With recording locations as diverse as the artists which appear on this retrospective ( although McLaughlin himself doesn`t see it that way ) this album has often been compared by many to 1978`s " Johnny McLaughlin Electric Guitarist ". Nonetheless, he seems to be a very happy guitarist on every track on "The Promise" which ranges from searing fusion jams ( Jazz Jungle ) to short minitature experimentals ( Tokyo Decadence, English Jam ). It also certainly reflects his musical learning curve which has in the past included influences from the Mississipi delta blues to Ravel even if, at times, the music can sound like it has bee heard before. But, after all this is a "retrospective" album.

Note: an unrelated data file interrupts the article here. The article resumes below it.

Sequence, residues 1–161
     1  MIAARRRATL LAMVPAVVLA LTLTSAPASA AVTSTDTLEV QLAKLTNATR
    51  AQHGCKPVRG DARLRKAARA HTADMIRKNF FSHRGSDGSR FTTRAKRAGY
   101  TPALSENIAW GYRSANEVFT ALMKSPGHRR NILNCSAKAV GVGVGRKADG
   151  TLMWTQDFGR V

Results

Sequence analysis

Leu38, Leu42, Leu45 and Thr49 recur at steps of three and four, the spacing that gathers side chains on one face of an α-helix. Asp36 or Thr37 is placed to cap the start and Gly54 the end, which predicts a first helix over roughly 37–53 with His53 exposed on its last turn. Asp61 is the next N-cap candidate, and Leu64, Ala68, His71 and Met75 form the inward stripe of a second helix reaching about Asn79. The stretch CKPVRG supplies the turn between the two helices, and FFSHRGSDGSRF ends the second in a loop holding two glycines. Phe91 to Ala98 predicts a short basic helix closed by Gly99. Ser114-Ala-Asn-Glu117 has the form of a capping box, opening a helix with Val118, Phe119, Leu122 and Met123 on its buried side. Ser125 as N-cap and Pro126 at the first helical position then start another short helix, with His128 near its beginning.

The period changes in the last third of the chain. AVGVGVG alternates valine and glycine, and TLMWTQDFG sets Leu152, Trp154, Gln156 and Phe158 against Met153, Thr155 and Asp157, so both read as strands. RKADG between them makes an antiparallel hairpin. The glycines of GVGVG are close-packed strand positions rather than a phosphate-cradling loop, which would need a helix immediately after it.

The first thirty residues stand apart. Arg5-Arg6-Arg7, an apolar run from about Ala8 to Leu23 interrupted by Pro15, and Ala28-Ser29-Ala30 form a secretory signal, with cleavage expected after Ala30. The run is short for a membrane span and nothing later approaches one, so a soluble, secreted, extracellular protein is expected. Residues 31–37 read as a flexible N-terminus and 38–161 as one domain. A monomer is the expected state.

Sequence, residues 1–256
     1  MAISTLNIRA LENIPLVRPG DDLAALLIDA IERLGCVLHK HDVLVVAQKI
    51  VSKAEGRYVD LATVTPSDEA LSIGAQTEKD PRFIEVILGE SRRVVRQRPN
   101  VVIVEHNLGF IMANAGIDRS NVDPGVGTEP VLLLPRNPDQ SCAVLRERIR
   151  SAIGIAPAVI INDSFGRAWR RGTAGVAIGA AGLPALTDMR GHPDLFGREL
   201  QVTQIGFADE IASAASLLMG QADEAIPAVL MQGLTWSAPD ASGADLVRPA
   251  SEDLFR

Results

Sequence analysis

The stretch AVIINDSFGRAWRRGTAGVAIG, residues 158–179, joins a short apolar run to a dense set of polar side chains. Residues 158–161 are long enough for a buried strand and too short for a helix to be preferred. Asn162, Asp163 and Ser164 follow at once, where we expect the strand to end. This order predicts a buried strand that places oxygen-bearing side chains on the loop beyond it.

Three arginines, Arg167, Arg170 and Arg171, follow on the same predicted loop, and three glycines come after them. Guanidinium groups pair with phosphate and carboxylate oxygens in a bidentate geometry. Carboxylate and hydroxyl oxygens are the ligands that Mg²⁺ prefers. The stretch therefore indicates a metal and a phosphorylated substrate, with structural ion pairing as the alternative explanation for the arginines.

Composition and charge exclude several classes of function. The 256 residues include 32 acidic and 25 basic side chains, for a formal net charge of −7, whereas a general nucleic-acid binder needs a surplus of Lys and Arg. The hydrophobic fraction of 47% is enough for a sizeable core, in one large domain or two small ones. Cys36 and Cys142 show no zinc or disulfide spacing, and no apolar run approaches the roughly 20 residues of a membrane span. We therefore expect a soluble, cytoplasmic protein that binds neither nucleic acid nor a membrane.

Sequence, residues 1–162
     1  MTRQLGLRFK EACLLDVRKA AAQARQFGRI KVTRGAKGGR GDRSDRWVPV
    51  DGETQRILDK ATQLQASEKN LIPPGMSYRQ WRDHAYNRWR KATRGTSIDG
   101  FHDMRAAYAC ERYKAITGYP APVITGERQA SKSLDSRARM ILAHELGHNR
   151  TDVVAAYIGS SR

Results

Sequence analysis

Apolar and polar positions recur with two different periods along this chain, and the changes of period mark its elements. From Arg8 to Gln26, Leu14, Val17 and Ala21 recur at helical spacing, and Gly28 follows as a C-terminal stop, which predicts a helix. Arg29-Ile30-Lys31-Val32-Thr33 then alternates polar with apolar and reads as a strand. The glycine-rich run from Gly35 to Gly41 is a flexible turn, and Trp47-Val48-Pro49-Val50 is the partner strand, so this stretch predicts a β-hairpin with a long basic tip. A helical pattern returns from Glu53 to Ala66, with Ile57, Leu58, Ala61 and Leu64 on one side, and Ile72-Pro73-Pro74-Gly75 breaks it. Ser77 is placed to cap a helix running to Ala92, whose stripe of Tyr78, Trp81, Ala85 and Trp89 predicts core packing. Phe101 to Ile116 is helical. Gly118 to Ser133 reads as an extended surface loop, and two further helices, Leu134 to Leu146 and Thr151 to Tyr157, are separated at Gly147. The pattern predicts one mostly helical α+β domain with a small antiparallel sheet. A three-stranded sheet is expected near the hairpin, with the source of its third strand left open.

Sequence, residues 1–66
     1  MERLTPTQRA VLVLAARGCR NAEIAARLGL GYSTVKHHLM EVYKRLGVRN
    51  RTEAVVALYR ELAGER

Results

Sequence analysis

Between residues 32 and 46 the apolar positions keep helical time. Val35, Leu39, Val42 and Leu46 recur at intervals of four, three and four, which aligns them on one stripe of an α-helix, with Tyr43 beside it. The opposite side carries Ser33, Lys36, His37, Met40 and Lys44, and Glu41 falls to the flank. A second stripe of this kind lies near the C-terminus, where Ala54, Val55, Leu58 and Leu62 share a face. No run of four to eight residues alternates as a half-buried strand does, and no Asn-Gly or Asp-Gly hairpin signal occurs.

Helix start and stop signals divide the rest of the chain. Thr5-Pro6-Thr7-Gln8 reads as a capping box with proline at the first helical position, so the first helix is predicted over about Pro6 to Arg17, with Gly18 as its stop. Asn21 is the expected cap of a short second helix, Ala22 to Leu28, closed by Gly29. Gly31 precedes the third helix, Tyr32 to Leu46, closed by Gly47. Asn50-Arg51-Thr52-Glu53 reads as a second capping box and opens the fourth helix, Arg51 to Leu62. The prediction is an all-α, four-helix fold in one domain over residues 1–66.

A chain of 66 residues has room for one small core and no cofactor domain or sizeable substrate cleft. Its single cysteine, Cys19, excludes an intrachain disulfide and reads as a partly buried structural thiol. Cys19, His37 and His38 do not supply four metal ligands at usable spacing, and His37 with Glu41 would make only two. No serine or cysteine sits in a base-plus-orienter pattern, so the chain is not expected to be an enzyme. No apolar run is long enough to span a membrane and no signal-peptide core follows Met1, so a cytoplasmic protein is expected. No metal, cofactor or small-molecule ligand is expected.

McLaughlin`s touring band at the time, which included Joey DeFrancesco on organ and Dennis Chambers on drums appear together on a McLaughlin composition, Thelodious Melodious, a tribute to Thelonious Monk, on which John proves that he can really swing when he wants to. Both Chambers and DeFancesco also appear individually on other tracks on the album which features no fewer than six lineups and 16 musicians.A brief examination of some of the tracks will allow the potential listener an insight into this celebration of McLaughlin`s diversity, versatility and humility both as a human being and as a musician. Arguably, the centerpiece of the work is the 14+ minute free form fusion blowout, " Jazz Jungle " which features Jim Beard on keyboards, James Genus on bass, Dennis chambers on drums, Michael Brecker on sax and Don Alias on percussion. This sort of echoes where McLaughlin was on 1969`s " Extrapolation " albeit in an updated form. McLaughlin`s comment to his bandmates at the end of the mayhem sums up his enthusiasm : " Why did you stop there, I was just catching my second wind!". A second track from the same NYC session is included with David Sanborn`s exuberant saxophone replacing Michael Brecker which is more subdued but captures the same lively spirit.